This Sabrina comic sports a UK only price on the cover. Oddly enough, none of the other issues in the series before or after show a similar UK price (although there are some other issues sporting two different barcodes, presumably for News stand and Direct distribution variants).
All Marvel comics (and presumably Archie comics) of the 1960s to 1980s that sported variant UK price covers were printed in the States at the same time and place as their own issues. But how many of these comics destined for export would actually have been printed?? These american comics showing UK prices must have surely accounted for less than 10% of the total print run. Therefore my prediction is that when the rarity of our UK variant issues are finally appreciated (like is already beginning with Canadian/Whitman/different cent prices variant covers) then they must at some point in the future become extremely valuable and much in demand for $$$$thousands by comic collectors in the States. Or not.
June 1, 2016
A mere five years ago I was disappointed to see that Action comics (No 1 June 1938 – No 904 October 2011), along with the whole DC universe had reverted back to issue number one. They’ve evidently now had a change of heart. After 52 issues of Action Comics Volume 2 we seem to have back-tracked to Volume 1 again. They’ve added the 52 Volume 2 issues to the original 904 and now we are presented with issue number 957 continuing the original continuity. Bonkers or sensible? Who knows. That’s comics for you. And now Action comics is going to be published fortnightly unlike the previous monthly schedule. Wasn’t it 8 times a year in the 1960s and weekly in the 1980s?? I can’t keep up. Still, at this rate it looks like there WILL be an Action Comics Number 1000 sometime early 2018.
Here is an Action Comic that hasn’t the slightest relevance to any of the above.
PS: And they’ve done the same thing to the numbering with Detective Comics. However most of the other DC titles have in fact started again at Number one.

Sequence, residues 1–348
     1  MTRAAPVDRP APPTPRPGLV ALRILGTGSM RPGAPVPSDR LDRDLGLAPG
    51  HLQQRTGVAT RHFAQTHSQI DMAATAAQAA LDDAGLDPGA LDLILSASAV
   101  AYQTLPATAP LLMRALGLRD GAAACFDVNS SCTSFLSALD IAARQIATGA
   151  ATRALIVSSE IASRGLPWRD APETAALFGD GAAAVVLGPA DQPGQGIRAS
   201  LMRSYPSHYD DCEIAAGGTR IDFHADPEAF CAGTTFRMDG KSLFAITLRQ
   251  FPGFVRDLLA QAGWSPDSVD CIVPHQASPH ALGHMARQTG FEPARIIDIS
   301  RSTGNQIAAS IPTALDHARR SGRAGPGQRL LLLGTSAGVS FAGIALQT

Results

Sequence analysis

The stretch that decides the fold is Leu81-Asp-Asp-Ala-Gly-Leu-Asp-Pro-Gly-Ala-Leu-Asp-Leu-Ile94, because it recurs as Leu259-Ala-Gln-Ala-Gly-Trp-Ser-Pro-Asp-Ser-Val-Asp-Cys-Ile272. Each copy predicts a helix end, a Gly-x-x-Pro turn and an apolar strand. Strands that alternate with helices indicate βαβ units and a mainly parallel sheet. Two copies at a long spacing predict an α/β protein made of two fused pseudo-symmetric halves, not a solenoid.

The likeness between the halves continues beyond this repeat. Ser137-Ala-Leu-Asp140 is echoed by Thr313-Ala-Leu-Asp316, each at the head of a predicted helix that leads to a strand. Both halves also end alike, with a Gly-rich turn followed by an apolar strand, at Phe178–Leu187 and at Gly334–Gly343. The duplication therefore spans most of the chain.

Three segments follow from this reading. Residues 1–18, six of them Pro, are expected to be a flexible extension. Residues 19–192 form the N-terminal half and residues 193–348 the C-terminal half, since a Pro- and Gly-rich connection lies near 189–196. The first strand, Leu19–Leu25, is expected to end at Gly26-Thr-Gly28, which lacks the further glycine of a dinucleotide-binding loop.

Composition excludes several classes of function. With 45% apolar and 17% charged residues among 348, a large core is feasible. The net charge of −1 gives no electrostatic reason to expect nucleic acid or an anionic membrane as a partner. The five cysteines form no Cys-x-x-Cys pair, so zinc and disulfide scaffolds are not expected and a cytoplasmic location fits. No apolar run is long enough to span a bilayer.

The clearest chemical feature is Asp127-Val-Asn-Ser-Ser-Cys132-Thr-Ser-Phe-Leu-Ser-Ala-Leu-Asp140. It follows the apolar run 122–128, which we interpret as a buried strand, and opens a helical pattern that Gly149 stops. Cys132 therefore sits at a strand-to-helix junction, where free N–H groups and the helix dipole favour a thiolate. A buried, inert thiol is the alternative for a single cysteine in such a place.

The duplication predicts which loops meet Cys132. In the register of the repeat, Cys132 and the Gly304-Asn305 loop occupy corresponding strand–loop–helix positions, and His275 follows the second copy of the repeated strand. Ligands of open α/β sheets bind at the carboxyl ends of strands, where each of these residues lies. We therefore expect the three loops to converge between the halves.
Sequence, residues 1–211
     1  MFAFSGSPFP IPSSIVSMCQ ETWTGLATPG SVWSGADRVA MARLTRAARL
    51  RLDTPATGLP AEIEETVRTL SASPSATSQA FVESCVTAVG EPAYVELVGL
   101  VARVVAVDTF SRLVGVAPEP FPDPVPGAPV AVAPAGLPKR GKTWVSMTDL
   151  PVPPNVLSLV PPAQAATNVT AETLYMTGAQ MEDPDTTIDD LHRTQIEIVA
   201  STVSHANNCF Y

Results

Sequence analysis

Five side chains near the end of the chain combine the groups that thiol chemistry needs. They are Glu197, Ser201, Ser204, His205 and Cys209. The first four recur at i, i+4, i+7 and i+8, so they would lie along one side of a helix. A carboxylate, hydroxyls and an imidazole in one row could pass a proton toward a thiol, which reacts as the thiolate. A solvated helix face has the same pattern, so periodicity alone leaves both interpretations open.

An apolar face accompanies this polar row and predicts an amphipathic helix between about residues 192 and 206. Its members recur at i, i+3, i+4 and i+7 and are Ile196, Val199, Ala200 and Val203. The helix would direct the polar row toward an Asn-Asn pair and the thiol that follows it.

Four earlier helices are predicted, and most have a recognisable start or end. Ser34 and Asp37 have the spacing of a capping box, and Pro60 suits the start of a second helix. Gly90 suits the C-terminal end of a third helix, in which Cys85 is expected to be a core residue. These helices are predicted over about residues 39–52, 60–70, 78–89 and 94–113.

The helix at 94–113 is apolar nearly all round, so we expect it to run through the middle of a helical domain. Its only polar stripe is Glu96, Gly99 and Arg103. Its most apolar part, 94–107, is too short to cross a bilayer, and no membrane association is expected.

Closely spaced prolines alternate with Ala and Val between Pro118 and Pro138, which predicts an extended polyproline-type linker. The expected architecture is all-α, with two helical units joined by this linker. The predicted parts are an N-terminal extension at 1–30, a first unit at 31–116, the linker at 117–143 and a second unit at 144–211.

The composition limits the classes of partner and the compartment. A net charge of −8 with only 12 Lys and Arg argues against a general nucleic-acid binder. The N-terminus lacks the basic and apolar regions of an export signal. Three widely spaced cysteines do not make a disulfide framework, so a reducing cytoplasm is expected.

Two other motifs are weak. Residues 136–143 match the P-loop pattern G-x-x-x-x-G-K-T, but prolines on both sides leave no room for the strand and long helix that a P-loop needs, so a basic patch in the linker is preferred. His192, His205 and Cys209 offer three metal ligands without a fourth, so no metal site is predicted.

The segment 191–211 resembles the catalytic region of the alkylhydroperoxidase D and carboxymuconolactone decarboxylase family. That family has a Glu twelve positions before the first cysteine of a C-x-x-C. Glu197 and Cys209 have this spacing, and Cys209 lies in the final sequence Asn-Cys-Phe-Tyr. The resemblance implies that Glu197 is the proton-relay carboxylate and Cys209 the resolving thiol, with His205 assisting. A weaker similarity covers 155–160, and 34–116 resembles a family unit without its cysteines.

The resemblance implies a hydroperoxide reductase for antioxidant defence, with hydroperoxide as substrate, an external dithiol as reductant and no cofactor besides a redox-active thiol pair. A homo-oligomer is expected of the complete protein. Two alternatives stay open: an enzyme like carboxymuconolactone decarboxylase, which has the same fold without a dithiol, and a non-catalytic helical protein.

June 1, 2016
It seems that the centre of the known universe is actually a barely-inhabited island called Forvik off the Shetlands (formerly known as Forewick Holm). The current ruler, Captain Calamity, has discovered that no documents exist to prove that it is part of the United Kingdom and is claiming it should be declared a Crown Dependency like Jersey and Guernsey and therefore capable of having it’s own currency, taxes and laws.
June 1, 2016
I think one of the greatest inventions of the modern age has been the humble mp3 player. I don’t want to access my music by tapping and scrolling past a million “apps” (whatever an “app” is) on a phone. I don’t want to stream stuff around the house via some complicated server and 100 button remote control. I don’t want to rescue my CD player and turntable from the shed just yet….though never say never. I’m quite happy with a plain and simple mp3 player. This one contains over twenty eight hours worth of my all-time favourite tunes and is still less than a quarter full. The music may not be CD quality but the convenience of a matchbox-sized box in my pocket makes up for that.
Blah blah blah blahdy blah blah etc etc etc here.